We began distributing the CFP a year ago, to coincide with the second anniversary of Katrina. And as much as we'd tried to push potential contributors to consider religious history after Katrina in the broadest of regional, national, and transnational contexts, it became clear over the next several months of responding to submissions and inquiries that this would still be a special issue about New Orleans, after all. With the exception of artist Lynda Frese's mixed-media images of Hindu deities in ravaged Gulf towns, which take their cue from the more familiar Catholic/vodun shrines of Louisiana, every contributor featured here and many more we were unable to include saw the special issue as a forum for reflection about New Orleans, not about the Gulf South as a region, about hemispheric narratives or new directions for American religious history. The near-exclusive focus on New Orleans tells us that a great deal remains to be done to integrate Hurricane Katrina, its historical conditions and aftermath, into the America we study as American religious historians. Likewise and perhaps more importantly, however, it tells us that the devastation of an irreplaceable city cannot simply be taken up into this or that new scholarly frame, and that the confrontation with loss undertaken by the essays and other forms of expression collected here necessarily remains ongoing.
Grief and rage at their starkest animate Anthea Butler's 2008 revisiting of the September 2, 2005
essay she published in The Revealer: A Daily Review of Religion and the Press, whose editors praised the unfit-for-mainstream-media jeremiad as "language appropriate to atrocity." Essays by Randy Sparks, Richard Newman, Elizabeth Goodine, and Karla Goldman engage responses to atrocity by various faith communities in New Orleans, all of which powerfully reclaim the meaning of "faith-based" from the Administration that Butler calls so blisteringly to account.
JSR has long encouraged a range of scholarly contributions in addition to standard research articles. For this special issue we made a decision to extend the scope of possible contributions even further to honor the distinctive culture of New Orleans and environs. Thus Lynda Frese and Lynda Doussan Rosamano present mixed-media assemblages; Rebecca Carter looks at houses and spiritual dwelling; Peter Cooley and John Gery give us poetry, Heather Nicholson and Zada Johnson review movies; Cynthia Hogue, Rebecca Ross, and the musician Kid Merv collaborate on an interview-poem, and Mike Pasquier shares a conversation with filmmaker Peter Entell. That generic diversity is matched by the religious diversity of the lives examined here. The distinctive dynamics of New Orleans's overlapping African-American and Catholic communities come in for sustained attention, but so too do Lutheran Oktoberfests, Jewish tzedakah, Hindu altars, and countless other traditional and nontraditional ways of making and sustaining spiritual connection in times of crisis, displacement, and loss.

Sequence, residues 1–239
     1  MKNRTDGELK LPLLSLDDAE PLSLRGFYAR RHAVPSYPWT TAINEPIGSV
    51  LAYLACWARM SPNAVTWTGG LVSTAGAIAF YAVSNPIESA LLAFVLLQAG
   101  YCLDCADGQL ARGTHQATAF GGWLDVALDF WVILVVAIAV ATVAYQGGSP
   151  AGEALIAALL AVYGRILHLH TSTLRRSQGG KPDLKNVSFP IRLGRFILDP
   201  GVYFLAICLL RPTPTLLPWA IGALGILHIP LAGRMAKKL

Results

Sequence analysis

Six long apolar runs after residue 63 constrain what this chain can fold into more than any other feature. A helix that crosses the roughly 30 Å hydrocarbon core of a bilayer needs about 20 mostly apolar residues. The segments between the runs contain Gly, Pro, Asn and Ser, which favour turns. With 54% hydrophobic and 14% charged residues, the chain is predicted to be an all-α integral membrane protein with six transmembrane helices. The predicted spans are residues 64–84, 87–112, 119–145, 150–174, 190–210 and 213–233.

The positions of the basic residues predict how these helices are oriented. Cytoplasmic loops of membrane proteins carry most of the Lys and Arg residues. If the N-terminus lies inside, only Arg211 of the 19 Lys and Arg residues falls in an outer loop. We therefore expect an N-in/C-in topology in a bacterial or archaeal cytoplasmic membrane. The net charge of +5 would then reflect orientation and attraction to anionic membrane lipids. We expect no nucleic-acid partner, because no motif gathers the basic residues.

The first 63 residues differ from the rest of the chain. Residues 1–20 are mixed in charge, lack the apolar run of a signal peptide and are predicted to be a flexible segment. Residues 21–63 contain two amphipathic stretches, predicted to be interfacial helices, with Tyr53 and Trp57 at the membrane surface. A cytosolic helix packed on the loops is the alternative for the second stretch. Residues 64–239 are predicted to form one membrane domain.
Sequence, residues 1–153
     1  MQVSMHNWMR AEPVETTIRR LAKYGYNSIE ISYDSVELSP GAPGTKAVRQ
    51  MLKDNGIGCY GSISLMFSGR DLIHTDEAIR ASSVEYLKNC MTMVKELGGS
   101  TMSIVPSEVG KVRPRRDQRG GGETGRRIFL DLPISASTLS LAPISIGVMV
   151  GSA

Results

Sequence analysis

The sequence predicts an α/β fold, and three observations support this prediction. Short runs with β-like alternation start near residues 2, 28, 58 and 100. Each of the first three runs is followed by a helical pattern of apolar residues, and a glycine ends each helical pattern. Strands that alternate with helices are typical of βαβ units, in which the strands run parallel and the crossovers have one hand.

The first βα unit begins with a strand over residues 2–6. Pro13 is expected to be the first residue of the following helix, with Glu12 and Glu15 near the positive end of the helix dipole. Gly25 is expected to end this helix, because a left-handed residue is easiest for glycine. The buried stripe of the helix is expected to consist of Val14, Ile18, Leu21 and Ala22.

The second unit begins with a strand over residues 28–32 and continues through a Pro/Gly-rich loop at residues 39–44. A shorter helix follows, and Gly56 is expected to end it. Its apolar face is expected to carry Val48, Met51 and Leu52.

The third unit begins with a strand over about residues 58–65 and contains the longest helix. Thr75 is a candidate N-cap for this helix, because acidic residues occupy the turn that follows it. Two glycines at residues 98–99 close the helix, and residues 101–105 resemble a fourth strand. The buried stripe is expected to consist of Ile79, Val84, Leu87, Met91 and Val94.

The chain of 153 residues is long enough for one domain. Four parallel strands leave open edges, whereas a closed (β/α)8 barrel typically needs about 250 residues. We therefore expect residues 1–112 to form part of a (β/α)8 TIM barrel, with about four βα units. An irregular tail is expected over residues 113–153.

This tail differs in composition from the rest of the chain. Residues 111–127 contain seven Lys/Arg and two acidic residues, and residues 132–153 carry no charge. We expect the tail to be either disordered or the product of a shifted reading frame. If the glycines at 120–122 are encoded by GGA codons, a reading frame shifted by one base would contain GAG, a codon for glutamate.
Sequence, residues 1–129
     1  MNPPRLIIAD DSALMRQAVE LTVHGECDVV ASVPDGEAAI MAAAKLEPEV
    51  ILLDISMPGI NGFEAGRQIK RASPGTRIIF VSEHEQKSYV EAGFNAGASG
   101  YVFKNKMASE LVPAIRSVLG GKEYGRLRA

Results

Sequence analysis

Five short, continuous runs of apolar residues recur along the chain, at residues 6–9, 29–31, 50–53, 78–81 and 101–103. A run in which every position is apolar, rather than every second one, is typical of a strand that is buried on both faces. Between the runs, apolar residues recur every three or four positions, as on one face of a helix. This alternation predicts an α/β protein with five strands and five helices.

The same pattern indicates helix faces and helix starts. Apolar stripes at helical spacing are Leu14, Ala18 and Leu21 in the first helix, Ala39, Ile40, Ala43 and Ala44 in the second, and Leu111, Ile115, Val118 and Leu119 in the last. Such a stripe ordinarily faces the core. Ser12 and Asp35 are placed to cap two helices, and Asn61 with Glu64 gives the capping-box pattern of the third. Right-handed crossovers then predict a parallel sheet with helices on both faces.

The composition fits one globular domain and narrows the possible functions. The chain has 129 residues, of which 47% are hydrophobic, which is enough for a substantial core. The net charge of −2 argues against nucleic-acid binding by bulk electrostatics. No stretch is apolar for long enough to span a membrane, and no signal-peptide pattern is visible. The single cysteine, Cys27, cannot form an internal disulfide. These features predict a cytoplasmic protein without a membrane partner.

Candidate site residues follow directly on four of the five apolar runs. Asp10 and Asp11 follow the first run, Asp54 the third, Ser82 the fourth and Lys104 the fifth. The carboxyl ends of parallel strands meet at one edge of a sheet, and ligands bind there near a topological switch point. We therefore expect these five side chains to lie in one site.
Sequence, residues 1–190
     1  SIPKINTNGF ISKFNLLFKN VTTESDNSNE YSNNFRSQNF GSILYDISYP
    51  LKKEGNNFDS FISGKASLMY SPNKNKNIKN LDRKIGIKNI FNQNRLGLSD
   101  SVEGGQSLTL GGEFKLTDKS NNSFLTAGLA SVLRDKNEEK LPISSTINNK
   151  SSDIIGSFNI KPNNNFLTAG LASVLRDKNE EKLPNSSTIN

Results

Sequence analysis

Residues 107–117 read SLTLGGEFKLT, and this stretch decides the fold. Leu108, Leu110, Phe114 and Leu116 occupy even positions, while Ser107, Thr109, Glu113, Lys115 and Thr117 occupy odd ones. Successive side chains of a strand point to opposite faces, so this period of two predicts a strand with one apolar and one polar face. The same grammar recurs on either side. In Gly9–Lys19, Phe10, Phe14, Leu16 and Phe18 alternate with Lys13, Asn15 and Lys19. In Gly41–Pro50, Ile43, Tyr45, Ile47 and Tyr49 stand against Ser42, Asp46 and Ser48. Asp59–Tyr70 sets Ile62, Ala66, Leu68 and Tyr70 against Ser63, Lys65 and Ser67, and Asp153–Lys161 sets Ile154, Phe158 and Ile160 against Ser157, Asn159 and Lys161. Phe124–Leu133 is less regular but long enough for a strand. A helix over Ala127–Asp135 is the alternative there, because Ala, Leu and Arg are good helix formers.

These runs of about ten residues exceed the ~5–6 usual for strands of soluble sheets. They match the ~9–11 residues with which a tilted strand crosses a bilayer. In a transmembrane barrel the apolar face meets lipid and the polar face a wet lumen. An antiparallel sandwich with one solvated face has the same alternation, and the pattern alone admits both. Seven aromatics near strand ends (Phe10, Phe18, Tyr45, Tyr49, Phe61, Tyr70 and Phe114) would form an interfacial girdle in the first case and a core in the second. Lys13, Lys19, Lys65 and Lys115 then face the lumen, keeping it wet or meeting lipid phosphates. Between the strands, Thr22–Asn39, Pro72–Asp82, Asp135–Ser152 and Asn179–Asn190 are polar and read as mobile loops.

We didn't think to invite musical contributions when planning the issue, but no doubt the generosity and expertise of our crack team of editors would have made even a library of MP3s possible. This is an unpecedented, "off-calendar" issue of JSR, and the long hours put in by Randall Stephens, Bland Whitley, and webmaster Art Remillard far exceeded the call of duty. Members of our editorial and advisory boards refereed all submissions; for additional advice on particular submissions we thank Greg Miller, Brent Plate, and Cammy Thomas.
We hope that the diversity of materials presented here pays fitting tribute to the place that inspires them. On the morning of August 30, 2005, I'd gone to bed after midnight to helicopter footage of parts of New Orleans submerged to the rooftops and woke to the shaky voice of Governor Kathleen Blanco on my clock radio, telling reporters that there was "no choice but to abandon the city." (These may not have been her exact words; I was deranged.) Soon enough I realized she was saying that those who were still in New Orleans now had no choice but to evacuate—the hows of course were still forthcoming—but for those few impossible seconds the image I had was of New Orleans entirely buried by the storm, lost to the world like Atlantis. This issue of JSR presents a blessedly different picture. It's much too early still to say laissez les bon temps rouler. But together with a number of new books suggesting that, as
Mike puts it, New Orleans might in fact be more central to American religious history than the reigning narratives let on, the energy, passion, and resilience demonstrated by the contributors to this special issue insist that, national neglect be damned, New Orleans isn't going away.